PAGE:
Tinkering, not transformation, likely to be recommendation for Indiana alcohol law changes

Members of the Alcohol Code Revision Commission discuss possible Indiana alcohol law changes during a meeting Friday in the House chamber. The panel is set to vote Sept. 28 on its final recommendations to the General Assembly.

INDIANAPOLIS — A state task force charged with reviewing every aspect of Indiana's alcohol laws appears likely to end its two-year project this month without recommending major reforms to the General Assembly.

The Alcohol Code Revision Commission hashed out preliminary recommendations Friday as a prelude to its Sept. 28 meeting where the 17-member panel will identify the alcohol policy changes it believes Hoosier lawmakers should enact during the legislative session that begins in January.

Those recommendations are likely to include tinkering with the population-based quota system to give restaurants in growing communities the opportunity to secure alcohol sale permits — even when the local resident count normally would not justify it.

Munster, in particular, could benefit from that change, depending on how the policy is written and whether the Republican-controlled General Assembly ultimately approves it.

The town was stymied earlier this year when it sought legislative permission to issue three new permits for on-premises alcohol consumption at Centennial Village restaurants on top of the standard allotment of alcohol sale permits available in Munster.

Commissioner Randall Woodruff, an Anderson attorney, suggested the best way to help Munster, and every other Indiana locality, would be to scrap the quota system altogether, and let the free market determine how many alcohol retailers in a community are too many.

"It seems to me the evil is the quota system," Woodruff said. "I don't think it's necessary and I don't think it works."

Woodruff pointed out that ending quotas also would address the 745 alcohol sale permits currently held in escrow by individuals supposedly intending to start a business, but who often are just hoarding permits so their existing businesses face no competition.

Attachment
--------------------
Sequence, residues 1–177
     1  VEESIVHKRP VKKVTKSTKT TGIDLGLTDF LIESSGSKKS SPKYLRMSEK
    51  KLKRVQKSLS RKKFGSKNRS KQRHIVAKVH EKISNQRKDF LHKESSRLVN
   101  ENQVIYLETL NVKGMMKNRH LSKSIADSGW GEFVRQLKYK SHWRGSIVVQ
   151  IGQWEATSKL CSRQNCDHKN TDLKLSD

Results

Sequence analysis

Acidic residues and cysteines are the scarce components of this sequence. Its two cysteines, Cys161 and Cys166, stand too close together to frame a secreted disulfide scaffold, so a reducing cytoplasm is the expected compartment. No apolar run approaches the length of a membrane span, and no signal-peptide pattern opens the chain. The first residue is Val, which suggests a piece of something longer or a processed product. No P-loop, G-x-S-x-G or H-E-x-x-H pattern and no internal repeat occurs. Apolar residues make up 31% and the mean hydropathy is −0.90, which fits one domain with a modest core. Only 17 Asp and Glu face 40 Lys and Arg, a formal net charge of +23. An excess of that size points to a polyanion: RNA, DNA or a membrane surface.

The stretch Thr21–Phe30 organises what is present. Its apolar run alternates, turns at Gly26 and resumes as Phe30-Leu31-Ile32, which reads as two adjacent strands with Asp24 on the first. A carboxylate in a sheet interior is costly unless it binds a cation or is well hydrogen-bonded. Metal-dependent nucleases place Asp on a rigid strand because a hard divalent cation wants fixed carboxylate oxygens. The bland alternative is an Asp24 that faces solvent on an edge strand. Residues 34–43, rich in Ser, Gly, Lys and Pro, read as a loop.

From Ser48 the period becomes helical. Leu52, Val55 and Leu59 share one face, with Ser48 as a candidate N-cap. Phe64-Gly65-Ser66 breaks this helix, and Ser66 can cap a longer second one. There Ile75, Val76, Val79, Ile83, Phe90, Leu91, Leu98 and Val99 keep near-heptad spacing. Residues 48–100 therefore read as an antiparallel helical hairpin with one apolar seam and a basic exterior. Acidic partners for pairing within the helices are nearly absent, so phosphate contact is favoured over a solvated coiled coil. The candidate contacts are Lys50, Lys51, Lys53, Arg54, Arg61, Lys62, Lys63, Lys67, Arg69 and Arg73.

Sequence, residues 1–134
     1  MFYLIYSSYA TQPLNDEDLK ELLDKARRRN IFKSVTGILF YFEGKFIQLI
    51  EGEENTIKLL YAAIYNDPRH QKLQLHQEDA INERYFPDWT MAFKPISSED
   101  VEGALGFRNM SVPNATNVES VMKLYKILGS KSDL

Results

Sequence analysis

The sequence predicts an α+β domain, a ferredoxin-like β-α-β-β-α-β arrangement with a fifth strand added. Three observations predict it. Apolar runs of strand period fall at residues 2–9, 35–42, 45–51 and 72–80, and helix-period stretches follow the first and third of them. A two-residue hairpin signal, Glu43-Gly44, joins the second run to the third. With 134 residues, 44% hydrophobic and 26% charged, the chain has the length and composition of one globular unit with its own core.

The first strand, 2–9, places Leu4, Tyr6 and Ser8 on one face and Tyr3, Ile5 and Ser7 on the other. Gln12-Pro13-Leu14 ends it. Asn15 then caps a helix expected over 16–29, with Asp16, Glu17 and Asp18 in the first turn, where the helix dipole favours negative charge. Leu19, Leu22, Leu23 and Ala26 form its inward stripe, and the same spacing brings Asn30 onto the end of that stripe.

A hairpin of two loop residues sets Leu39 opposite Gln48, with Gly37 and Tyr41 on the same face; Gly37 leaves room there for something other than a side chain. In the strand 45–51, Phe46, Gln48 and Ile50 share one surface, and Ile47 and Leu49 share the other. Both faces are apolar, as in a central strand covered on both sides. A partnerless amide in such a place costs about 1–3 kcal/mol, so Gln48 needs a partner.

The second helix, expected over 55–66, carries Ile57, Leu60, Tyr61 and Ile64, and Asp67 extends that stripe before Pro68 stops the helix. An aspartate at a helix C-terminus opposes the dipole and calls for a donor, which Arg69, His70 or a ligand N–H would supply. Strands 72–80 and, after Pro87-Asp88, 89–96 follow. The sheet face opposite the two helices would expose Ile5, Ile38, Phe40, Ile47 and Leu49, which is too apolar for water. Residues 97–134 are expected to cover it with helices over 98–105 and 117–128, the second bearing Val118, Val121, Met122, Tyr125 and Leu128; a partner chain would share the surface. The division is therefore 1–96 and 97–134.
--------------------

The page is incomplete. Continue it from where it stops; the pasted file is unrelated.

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Three state lawmakers, including the chairmen of the House and Senate committees responsible for alcohol policy, rejected the idea of eliminating the quota system because they said alcohol is a dangerous drug that cannot simply be treated like any other commodity.

State Rep. Ben Smaltz, R-Auburn, chairman of the House Public Policy Committee, said it's undisputed that increasing the outlet density of alcohol leads to more drunk driving incidents, increased sexual assaults and numerous other societal ills.

"It's a very dangerous proposition," he said in explaining his preference to instead fix the quota system and escrow process.

The commission also is likely to recommend tougher penalties, such as higher fines and increased permit fees, for alcohol retailers who sell to minors, as well as for individuals under age 21 who consume alcohol. 

It is not expected to take a position on whether Indiana should allow retailers, other than package liquor stores, to sell refrigerated beer.

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